... Hi Liz. It is always nice to hear from you on a list. While it is an activity doomed to be fraught with compromise, translation is in generalMessage 1 of 34 , May 7, 2005View Source<Liz>
>>I wonder if Logos should be retained and not translated at all.<Bill>
Hi Liz. It is always nice to hear from you on a list.
While it is an activity doomed to be fraught with compromise, translation is
in general a productive activity. We just have to be realistic about what we
hope to accomplish. There is no substitute for reading the original
language(s) as no translation can map perfectly.
>>Philo speaks of the Logos as the Son of God (sorry, I forget where).<B>
My efforts at understanding a Philo background to John 1 were not met with
anything to be excited about. I think that the Philo connection is way
overrated. However, I would love to see any citations that you or anyone
else deems important.
>>I don't think it is in contradistinction to the Torah.<B>
The Torah is never denigrated in the NT but certainly made subservient to
the broader authority of God. I came across this recently and found it
interesting in this regard:
(ISV) You examine the Scriptures carefully because you suppose that in them
you have eternal life. Yet they testify about me.
>>In Proverbs 8, all things are made by Wisdom, H.oh.ma.<B>
"by" as in "by means of?"
>>Both Hohma and Sophia are unfortunately feminine, while Logos carries muchthe same meaning of Wisdom and is masculine. So I think that except that
Torah is feminine, it can be equated with Logos.
Is the Torah presumed to be female or only grammatically feminine?
Is the LOGOS male or only grammatically masculine?
There seems to be a great deal of confusion between grammatical "gender" and
sexuality in the readings I have seen of John 1!
>>The pre-existent Torah is the pre-existent Logos. John has Jesus say "I amthe way," which is what Jews say about the Torah. Halaka is "the way."
I have provided evidence that John is referring to the utterances in Gen 1
which are recorded in the Instruction (Torah) but are not what I would call
part of the Torah. ISTM that the Torah is, for John, a witness to the
gospel, not in itself the way.
>>John is saying that Jesus is the carnalization of the pre-existent Torahby which God made the world.
This is, IMHO, the question of Torah versus utterance aside, usually taken
way too literally - as if Jesus' flesh is what the Torah used to be. Ie:
that the Torah became human flesh. Rather, I see it as the utterance of God
being made by a life:
Heb 1:1 God, who long ago spoke on many occasions and in many ways to our
forefathers by means of the prophets,
Heb 1:2 has at the end of these days spoken to us by means of a Son, whom
he appointed heir of all things, and through whom he made the systems of
... Can you provide us with any evidence for this statement? I have some handbooks on the Gospel of John written by translators, some commentaries in which theMessage 34 of 34 , May 9, 2005View Source--- Bill Ross <BillRoss@...> wrote:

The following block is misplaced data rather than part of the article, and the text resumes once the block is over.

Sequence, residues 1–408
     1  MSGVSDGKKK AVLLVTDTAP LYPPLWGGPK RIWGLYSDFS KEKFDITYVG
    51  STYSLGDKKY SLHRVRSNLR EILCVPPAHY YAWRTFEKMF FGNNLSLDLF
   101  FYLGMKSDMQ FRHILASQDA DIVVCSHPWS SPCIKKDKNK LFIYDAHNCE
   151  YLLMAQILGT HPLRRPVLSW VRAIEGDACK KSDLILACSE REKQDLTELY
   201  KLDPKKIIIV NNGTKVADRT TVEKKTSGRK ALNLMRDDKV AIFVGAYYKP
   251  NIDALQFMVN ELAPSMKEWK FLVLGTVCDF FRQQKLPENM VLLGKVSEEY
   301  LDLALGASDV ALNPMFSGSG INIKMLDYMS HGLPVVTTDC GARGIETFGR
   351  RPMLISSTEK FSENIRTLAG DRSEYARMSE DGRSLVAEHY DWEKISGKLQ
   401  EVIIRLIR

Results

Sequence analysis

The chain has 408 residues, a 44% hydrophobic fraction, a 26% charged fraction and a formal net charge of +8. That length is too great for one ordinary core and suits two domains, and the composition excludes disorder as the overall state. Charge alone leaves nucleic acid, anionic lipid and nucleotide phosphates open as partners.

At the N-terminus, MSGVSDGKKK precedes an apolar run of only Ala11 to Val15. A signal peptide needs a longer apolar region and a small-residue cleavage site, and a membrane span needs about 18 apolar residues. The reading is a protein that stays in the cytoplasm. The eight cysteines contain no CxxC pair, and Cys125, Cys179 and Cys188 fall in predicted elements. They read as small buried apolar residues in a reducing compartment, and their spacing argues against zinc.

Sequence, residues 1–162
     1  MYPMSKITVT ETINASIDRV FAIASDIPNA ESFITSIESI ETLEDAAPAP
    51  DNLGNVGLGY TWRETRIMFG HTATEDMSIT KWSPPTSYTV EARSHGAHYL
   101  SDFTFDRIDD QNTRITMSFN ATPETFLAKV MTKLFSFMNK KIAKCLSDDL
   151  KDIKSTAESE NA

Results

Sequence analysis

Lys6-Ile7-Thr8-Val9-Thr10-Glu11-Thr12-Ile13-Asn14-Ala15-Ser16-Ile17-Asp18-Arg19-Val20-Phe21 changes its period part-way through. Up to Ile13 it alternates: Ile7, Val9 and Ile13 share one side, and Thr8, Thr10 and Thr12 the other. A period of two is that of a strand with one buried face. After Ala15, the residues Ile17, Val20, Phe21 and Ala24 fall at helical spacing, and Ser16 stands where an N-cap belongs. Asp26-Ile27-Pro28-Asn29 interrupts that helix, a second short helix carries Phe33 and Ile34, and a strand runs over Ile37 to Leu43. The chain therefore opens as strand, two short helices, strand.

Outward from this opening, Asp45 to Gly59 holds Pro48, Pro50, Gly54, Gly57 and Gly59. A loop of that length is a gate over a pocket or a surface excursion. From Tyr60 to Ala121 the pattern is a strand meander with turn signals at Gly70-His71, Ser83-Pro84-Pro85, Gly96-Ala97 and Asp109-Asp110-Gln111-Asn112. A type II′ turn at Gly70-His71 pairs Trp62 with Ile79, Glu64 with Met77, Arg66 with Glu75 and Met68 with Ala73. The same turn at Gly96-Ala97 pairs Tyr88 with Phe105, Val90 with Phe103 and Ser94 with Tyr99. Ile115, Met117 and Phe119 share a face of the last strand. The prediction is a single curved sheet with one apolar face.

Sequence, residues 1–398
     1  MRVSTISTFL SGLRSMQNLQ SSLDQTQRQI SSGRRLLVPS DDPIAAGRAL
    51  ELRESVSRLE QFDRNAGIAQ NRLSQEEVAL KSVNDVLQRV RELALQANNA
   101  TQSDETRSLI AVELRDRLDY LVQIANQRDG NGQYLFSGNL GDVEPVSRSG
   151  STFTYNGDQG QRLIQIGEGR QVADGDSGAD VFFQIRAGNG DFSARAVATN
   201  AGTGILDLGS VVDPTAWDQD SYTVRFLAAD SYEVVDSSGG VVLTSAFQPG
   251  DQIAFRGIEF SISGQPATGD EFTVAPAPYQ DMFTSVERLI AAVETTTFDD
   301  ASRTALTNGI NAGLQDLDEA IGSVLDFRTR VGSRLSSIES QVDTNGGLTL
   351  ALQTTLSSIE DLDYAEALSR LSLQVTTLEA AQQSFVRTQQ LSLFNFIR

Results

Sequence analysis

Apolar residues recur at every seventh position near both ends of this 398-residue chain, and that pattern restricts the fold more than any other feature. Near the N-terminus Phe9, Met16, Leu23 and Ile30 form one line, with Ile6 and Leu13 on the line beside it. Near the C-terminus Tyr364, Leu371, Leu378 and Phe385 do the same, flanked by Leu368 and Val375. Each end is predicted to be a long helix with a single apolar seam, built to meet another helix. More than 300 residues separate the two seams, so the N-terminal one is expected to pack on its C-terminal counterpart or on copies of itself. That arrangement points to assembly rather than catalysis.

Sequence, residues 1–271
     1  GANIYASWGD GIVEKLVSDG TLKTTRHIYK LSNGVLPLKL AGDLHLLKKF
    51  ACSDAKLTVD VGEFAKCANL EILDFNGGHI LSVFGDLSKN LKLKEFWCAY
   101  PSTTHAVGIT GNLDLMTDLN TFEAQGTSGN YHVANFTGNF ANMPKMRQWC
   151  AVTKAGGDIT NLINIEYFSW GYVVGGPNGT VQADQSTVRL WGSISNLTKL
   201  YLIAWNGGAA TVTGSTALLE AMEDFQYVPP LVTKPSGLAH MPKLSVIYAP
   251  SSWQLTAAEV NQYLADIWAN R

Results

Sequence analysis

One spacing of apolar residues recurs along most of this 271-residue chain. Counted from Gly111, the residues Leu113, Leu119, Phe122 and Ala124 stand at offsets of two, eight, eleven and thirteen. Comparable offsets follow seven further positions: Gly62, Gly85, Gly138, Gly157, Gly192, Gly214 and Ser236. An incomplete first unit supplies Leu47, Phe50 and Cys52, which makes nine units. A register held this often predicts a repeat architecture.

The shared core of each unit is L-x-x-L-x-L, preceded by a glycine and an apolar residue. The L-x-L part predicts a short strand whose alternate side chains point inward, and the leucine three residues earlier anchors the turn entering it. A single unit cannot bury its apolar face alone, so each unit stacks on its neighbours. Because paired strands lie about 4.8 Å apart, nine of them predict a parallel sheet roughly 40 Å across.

> <B>Can you provide us with any evidence for this
> My stated premise for my translation of "utterance"
> has not been addressed.
> Let my restate it for closer scrutiny...
> When John says "EN ARKH" ISTM that most translators
> understand him to be
> saying "Once upon a time..."
statement? I have some handbooks on the Gospel of John
written by translators, some commentaries in which the
commentators give their own translations and discuss
what they mean by them, and some works by John scolars
like C.H. Dodd who discuss Jn. 1:1, and none of them
give any hint that they have the understanding you say
"most translators" do.
So could you produce something from a translator that
shows that "Once upon a time" is what ytasnaltors
understand John to be saying in 1:1?
whereas I hear him
> saying "Ladies andNow I'm really confused. Are you saying that it is
> gentlemen, if you would, please turn in you
> Septuagint to page 1. I am going
> to tell you who is being referred to by the word
> "us" in "Let us make
John's intent to say that God made the world through
the male and the female he created in Gen 1:26?
>But this is expressly what he does not say about
> The main think that John is expounding, I believe,
> is that in Gen 1,
> everything that was made, without exception, was
> made in conjunction with
> the utterance, "let there be...".
"man". There is a conspicuous absence of the let
there be phrase in the section of Gen 1 where God
creates "man, both male and female" in his image.
>You are missing a clause here. Is your fundamental
> In the course of this discussion, I realize that my
> objection to "the word"
> (non-capitalized only) is not so much linguistic as
> it is to the baggage
> that the term is made to carry - that it is a
> reference to something from
> Greek philosophy rather than God's word(s).
> So, I ask, is my fundamental interpretation, that EN
> ARKH refers us to Gen
> 1, and "PROS TON THEON" refers us to "let us
> make..." and "by means of hO
> LOGOS everything was made" refers us to "Let there
interpretaion what? Reasonable? I don't see how it
could be. What possible lingusitic or allusive
connection could there be between "he was with God"
and the divibe declaration of intent to make humankind
in God's image in Gen 1:26? And it becomes even more
unlikely given how Dr. Gibson has shown how all that
John says about the LOGOS in John 1:1 is what Jews
were saying about the Torah.
R. Robert Jenkins
Stay in touch with email, IM, photo sharing and more. Check it out!